Someone once wrote to the well-known American Christian, J Vernon McGee: "Our preacher said that on Easter Jesus just swooned on the cross and that the disciples nursed him back to health. What do you think?" McGee replied, "Dear Sister, beat your preacher with a leather whip for thirty-nine heavy strokes. Nail him to a cross. Hang him in the sun for six hours. Run a spear through his side. Embalm him. Put him in an airless tomb for three days. Then see what happens."

It's worth commenting at this point that in today's church some claim to be believers who deny what for Paul was the same as denying the faith itself. Such a denial meant to believe in vain. It was the resurrection after all that made it possible for them to say, "Christ died for our sins." And it was the resurrection, as Paul will go on to argue in v20-28, which guarantees our own future as the people of God. To deny the objective reality of Christ's resurrection is to have a faith considerably different from Paul's and therefore considerably different from the Bible.

We who are believers are called to proclaim the resurrection of Christ with conviction that it is true and significant. Jesus is alive and in knowing this we'll be excited to tell others the good news that through Christ's death and resurrection we can be forgiven, have a relationship with God and a sure hope for the future. The basis of our resurrection on the last day is the death and bodily resurrection of Jesus. As I said earlier, if God raised Jesus from the dead, He will also raise all those in Jesus. Do you have faith in the crucified and resurrected Jesus? Do you believe that Christ died for our sins, that he was buried and that he was raised on the third day? Do you believe that Jesus is alive and that because he's alive sin and death have been dealt with forever? Paul says (v2),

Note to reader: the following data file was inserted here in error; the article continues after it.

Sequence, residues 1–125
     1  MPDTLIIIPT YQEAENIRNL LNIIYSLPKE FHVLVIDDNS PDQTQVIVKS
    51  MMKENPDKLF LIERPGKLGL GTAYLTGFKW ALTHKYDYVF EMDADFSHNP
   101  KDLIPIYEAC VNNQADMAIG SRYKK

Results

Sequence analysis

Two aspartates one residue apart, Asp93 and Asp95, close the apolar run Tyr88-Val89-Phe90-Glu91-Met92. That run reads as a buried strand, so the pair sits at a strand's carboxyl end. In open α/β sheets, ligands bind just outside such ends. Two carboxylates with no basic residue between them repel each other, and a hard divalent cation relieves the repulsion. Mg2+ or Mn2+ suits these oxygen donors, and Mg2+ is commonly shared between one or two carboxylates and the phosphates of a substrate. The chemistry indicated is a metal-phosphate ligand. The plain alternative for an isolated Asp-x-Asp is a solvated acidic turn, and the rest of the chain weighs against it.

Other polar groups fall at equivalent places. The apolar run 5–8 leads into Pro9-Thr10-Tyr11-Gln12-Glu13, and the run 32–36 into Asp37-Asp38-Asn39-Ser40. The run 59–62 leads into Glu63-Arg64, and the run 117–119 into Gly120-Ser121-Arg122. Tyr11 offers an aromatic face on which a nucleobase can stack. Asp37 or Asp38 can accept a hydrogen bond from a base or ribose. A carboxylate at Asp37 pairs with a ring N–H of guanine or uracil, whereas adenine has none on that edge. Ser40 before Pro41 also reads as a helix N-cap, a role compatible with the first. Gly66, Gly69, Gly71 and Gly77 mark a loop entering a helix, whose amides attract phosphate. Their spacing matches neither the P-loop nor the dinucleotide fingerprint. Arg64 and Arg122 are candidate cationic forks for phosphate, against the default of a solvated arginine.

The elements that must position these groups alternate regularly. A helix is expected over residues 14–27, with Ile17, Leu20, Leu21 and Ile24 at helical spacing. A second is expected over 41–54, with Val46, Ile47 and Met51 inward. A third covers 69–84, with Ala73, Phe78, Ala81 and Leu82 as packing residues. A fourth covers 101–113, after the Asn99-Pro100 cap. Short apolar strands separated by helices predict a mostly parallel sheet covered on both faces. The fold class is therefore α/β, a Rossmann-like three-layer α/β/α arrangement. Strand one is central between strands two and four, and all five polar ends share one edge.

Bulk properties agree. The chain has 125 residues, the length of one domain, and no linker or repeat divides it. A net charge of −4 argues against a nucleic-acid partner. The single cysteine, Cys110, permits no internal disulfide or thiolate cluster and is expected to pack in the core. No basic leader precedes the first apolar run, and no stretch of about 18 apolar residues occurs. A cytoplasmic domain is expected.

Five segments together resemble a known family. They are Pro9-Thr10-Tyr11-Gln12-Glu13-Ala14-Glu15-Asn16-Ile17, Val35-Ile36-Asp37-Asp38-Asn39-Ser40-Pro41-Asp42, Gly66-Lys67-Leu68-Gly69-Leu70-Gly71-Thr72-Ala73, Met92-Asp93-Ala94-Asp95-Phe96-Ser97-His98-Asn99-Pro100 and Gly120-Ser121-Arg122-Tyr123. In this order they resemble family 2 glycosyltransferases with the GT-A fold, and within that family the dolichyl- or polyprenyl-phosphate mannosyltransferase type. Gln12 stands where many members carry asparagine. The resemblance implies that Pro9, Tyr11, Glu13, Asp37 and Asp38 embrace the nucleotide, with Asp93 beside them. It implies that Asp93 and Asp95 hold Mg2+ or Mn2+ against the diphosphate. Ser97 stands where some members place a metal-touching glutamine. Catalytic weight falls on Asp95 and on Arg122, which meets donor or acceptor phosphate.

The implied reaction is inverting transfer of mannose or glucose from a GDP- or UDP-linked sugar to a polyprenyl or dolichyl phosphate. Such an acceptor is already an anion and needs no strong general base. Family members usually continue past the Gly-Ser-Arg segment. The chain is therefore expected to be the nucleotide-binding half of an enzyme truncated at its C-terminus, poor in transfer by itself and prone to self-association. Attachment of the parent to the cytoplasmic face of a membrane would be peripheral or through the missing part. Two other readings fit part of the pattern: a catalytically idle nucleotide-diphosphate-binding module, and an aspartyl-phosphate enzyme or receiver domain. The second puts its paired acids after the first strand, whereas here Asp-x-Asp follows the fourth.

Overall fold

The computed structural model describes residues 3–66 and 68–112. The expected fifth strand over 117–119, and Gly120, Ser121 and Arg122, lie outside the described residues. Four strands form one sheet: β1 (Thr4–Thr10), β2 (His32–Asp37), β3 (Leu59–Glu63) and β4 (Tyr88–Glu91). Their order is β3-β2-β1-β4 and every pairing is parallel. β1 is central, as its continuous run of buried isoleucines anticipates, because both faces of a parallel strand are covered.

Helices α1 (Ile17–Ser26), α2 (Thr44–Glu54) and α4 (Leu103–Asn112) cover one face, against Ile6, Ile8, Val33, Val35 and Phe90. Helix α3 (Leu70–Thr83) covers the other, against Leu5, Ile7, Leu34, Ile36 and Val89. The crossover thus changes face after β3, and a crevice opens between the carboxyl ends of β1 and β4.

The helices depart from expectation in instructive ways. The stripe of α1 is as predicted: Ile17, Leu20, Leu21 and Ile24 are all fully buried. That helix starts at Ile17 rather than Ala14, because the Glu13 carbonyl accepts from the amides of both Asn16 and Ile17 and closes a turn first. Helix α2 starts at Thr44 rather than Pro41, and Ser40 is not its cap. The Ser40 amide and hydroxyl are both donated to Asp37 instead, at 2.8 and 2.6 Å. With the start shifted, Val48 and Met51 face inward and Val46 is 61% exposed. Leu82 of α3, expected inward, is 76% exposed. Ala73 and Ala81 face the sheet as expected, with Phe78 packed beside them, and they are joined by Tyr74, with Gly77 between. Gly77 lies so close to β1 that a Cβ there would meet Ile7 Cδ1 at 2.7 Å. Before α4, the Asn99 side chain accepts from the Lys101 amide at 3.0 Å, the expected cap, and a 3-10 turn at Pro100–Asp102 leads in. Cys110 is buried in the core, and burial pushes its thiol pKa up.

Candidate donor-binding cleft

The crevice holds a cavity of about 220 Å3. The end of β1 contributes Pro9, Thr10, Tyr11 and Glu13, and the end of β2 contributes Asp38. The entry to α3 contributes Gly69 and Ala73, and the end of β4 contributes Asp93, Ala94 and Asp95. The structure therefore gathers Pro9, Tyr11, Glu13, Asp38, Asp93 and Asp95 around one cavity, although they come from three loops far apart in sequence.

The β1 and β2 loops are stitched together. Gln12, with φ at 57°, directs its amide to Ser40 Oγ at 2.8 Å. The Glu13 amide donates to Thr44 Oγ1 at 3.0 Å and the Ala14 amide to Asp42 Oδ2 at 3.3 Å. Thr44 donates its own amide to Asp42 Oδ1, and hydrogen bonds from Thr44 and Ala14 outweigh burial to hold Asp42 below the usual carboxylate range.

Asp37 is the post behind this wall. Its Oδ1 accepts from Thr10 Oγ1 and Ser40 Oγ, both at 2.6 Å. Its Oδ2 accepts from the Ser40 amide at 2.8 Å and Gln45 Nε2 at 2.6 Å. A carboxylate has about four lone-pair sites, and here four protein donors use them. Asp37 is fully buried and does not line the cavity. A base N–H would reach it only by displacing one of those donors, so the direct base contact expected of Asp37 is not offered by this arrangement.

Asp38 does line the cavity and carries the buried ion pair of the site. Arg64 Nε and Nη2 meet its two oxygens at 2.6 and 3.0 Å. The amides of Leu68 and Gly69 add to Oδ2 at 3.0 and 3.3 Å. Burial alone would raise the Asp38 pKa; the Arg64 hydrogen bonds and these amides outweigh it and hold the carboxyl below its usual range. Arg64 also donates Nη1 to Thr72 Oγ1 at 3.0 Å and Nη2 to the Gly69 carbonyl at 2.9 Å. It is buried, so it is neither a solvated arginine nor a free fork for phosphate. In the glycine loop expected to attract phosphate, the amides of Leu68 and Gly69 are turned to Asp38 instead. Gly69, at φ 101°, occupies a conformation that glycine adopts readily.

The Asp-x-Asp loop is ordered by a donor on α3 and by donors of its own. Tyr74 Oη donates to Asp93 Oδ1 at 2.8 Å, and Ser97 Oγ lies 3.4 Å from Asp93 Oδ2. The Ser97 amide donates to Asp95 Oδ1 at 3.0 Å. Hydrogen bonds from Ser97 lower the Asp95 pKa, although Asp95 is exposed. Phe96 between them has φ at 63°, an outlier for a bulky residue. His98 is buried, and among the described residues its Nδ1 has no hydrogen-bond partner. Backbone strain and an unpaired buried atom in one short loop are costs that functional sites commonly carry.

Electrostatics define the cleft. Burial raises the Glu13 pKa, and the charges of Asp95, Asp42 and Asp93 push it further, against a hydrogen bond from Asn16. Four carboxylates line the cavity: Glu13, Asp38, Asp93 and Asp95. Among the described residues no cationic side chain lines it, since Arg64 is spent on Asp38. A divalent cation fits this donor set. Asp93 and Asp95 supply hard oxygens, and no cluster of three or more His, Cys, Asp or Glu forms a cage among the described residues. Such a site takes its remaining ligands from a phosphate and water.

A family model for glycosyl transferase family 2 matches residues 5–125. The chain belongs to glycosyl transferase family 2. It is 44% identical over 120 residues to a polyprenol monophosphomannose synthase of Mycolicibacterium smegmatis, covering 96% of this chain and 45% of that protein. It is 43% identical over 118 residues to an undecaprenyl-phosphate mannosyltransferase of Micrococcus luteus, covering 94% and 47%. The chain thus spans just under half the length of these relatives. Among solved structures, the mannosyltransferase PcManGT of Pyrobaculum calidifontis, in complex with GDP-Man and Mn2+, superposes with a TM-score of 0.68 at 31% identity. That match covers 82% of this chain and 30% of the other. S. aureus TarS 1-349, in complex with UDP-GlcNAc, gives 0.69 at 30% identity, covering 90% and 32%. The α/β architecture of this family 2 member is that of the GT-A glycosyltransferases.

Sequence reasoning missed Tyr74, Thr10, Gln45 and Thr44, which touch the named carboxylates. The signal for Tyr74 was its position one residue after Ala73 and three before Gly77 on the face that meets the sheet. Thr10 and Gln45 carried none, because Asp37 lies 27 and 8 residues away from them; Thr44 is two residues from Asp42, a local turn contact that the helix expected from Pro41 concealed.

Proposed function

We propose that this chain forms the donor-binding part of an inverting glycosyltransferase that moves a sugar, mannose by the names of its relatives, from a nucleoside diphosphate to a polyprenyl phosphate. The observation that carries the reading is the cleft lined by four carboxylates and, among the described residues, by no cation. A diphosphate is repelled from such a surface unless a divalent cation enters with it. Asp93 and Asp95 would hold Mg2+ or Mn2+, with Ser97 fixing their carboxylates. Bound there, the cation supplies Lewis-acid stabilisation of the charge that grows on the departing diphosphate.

By this gospel you are saved, if you hold firmly to the word I preached to you. Otherwise you have believed in vain.


Paul now answers the main issue at Corinth by showing how illogical their position was. Look at v12-19. Some at Corinth were saying that there is no resurrection of the dead - that there is no bodily resurrection.